The Work: New Campaigns - The World, Friday, 03 June 2005 03:28PM


Project: Nescafe Xpress

Client: Alex Zigliara, marketing director, Beverage Partners Worldwide

Brief: Leverage new global sponsorship with McLaren Mercedes Formula One

team and communicate the taste appeal and benefit of drinking Nescafe

Xpress iced coffee

Creative agency: AWC

Writers: Simon Tuke, Andrew Ward

Art directors: Dave Lindsay, Andrew Ward

Media agencies: Universal McCann, ZenithOptimedia

Media planner: Varies with market

Production company: IPC, Prague

Director: Chris Watson

Post-production: Triangle

Exposure: European TV

THE LOWDOWN The iced coffee brand Nescafe Xpress launched in Germany five years ago and is now being rolled out across Europe.

To support the drive, Beverage Partners Worldwide has signed a sponsorship deal with the McLaren Mercedes Formula One team, which features in a 30-second TV spot created by the Zurich-based agency AWC.

Filmed at the Circuit de Catalunya in Barcelona during a test session, the McLaren driver Kimi Raikkonen takes time out to drink a can of Nescafe Xpress during a pit stop. The Ukrainian model Sasha Volkova also features in the spot as a helpful member of Raikkonen's pit crew. The ad ends with the tagline: "The pleasure that recharges. Nescafe Xpress."

In 2004, Nestle, which owns the Nescafe Xpress brand, announced a 1.4 per cent decline in global sales to 86.6 million Swiss francs.


Project: Sith sense

Client: Russ Klein, chief marketing officer, Burger King

Brief: Leverage Burger King's marketing tie-up with Star Wars Episode

III: Revenge of the Sith

Creative agency: Crispin Porter & Bogusky

Writers: Paul Johnson, Larry Corwin

Designer: Rahul Panchal

Development: CP&B, Firstborn Multimedia

Exposure: Internet


Think the Force is strong enough in you to get one over on Darth Vader? Crispin Porter & Bogusky has created an online game in which you can challenge the dark lord to a game of 20 questions.

The site ( aims to leverage Burger King's tie-up with Star Wars Episode III: Revenge of the Sith. Burger King has tied its marketing to the Star Wars films since the first was released in 1977. Marketing around the new film includes TV and print ads and in-store promotions including a new range of star- and lightning bolt-shaped Chicken Tenders and a range of toys available with meals in Burger King restaurants.


Project: Before/after

Client: Erika Herrero, marketing director, Ariel, Procter & Gamble

Brief: Create a breakthrough communication ad that portrays superior

stain removal

Creative agency: Del Campo Nazca Saatchi & Saatchi

Writers: Mariano Serkin, Jorge Ponce Betti, Guadalupe Pereira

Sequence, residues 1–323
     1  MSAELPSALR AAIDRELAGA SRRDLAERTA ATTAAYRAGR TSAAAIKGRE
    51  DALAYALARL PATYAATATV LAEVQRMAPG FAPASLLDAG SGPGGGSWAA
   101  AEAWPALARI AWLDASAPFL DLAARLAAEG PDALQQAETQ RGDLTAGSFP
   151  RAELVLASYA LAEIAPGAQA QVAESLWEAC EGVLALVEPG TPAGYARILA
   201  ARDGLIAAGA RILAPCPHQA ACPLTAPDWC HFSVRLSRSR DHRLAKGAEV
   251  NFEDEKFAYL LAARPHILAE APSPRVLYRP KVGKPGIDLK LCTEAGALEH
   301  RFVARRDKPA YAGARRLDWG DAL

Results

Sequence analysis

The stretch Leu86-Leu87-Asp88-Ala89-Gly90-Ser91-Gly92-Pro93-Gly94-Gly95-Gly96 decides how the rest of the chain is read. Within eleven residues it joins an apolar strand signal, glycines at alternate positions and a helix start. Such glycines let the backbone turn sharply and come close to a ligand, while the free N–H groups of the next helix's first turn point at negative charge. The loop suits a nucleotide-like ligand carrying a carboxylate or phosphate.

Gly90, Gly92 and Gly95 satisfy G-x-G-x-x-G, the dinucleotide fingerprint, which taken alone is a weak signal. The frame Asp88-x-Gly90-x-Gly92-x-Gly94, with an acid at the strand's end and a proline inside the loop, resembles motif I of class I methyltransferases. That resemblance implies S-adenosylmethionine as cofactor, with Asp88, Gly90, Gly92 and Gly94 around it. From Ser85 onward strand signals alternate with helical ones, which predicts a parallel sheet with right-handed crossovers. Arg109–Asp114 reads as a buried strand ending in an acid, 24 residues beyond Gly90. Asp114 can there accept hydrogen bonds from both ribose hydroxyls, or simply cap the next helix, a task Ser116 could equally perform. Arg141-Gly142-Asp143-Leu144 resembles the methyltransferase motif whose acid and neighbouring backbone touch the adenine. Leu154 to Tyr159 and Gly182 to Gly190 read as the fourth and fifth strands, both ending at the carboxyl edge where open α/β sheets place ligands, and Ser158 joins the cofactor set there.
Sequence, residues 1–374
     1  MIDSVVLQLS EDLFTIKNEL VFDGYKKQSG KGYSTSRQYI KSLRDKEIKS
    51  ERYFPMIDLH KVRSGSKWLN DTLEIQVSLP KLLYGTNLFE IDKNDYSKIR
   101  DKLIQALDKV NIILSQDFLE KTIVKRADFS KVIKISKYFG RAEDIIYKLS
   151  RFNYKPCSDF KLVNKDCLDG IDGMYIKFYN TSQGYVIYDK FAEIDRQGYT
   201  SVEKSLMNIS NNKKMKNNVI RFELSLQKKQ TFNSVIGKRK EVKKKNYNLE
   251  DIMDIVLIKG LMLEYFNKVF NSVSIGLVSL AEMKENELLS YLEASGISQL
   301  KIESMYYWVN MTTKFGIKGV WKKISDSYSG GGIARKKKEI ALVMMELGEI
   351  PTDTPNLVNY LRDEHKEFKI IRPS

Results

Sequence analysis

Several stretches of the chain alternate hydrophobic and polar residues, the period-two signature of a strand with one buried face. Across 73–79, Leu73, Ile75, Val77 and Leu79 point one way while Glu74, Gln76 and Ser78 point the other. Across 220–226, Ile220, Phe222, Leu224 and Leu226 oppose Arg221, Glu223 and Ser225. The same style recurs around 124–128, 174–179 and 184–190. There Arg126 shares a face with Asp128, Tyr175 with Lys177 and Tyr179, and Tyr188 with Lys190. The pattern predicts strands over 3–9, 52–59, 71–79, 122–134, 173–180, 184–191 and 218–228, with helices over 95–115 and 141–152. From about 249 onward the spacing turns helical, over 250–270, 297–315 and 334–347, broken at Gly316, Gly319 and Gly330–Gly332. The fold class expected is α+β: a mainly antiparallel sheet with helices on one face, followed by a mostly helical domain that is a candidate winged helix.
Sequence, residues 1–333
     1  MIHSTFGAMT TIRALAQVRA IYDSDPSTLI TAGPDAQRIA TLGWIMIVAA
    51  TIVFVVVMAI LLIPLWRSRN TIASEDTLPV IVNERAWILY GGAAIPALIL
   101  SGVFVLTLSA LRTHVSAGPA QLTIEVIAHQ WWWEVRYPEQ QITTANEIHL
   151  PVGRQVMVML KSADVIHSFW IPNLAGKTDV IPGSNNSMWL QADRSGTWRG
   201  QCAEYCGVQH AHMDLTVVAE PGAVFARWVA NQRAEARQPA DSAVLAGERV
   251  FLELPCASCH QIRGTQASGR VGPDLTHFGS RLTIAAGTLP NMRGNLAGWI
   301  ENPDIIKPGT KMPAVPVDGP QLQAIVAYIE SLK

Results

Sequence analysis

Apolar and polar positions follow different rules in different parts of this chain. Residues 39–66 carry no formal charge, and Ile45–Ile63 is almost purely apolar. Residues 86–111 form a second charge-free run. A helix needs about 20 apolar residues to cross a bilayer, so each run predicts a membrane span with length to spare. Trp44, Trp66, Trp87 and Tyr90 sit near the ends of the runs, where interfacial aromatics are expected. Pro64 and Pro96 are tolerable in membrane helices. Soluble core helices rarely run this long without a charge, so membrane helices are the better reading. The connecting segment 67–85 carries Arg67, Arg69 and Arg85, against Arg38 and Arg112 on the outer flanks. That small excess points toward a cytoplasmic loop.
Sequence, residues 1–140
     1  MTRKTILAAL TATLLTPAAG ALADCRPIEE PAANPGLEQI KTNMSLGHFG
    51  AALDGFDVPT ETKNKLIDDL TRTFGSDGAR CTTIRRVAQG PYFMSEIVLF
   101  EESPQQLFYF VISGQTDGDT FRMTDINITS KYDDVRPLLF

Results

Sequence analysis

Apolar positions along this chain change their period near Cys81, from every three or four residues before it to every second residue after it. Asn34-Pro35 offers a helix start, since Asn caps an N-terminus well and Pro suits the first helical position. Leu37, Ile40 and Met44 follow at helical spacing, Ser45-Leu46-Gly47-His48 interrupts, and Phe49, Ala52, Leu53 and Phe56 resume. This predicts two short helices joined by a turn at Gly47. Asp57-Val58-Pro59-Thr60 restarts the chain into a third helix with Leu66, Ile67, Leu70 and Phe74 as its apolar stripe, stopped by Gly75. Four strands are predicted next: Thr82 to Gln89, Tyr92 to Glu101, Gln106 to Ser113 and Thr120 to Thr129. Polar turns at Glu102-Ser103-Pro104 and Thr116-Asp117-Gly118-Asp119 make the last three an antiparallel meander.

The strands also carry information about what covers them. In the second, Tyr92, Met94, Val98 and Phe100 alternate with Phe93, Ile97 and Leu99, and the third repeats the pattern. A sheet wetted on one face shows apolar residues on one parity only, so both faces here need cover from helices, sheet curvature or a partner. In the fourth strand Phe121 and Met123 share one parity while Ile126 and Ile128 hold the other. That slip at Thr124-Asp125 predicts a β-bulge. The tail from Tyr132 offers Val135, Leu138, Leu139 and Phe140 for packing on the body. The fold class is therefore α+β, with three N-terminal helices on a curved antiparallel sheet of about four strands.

Art director: Javier Lourenco

Planner: Andrea Diquez

Media agency: Starcom

Media planner: Patricia Salazar

Photographer: Millennium

Exposure: Magazines


Del Campo Nazca Saatchi & Saatchi is promoting Ariel with a press campaign running across South America that dramatises impossible stains.

Simple before and after print ads feature what appears to be a blue T-shirt with an orange stain; in fact, as the second shot reveals, it's an orange shirt with a huge blue stain.

Ariel's parent company, Procter & Gamble, posted a 19 per cent rise in global sales to $51.7 billion in the past fiscal year, as well as across-the-board growth in market share. P&G is the leading manufacturer in the detergent market, with a 50 per cent share of value sales. Its portfolio also includes Bold and Daz.


Project: Ecomagination

Clients: Judy Hu, general manager, global advertising; Beth Comstock,

vice-president and chief marketing officer, General Electric

Brief: Highlight GE's investment in solving environmental issues

Creative agency: BBDO New York

Writer: Kara Goodrich

Art director: Jean Robaire

Media agency: OMD

Media planners: Toni Racioppo, Jamie Goodwin

Illustrator: John Perlock

Exposure: National magazines


General Electric has launched a new corporate campaign designed to demonstrate how the energy company is bringing its resources to bear on solving environmental issues and problems.

Dubbed "ecomagination", the through-the-line campaign is a multimedia effort which includes eight-page inserts in national newspapers, television ads and a print campaign styled on the work of John James Audubon.

The hand-illustrated ads update Audubon's botanical drawings by including such modern-day elements as factories, aircraft and trains, and will appear in magazines including Atlantic Monthly, Harvard Business Review, National Geographic and the New Yorker.

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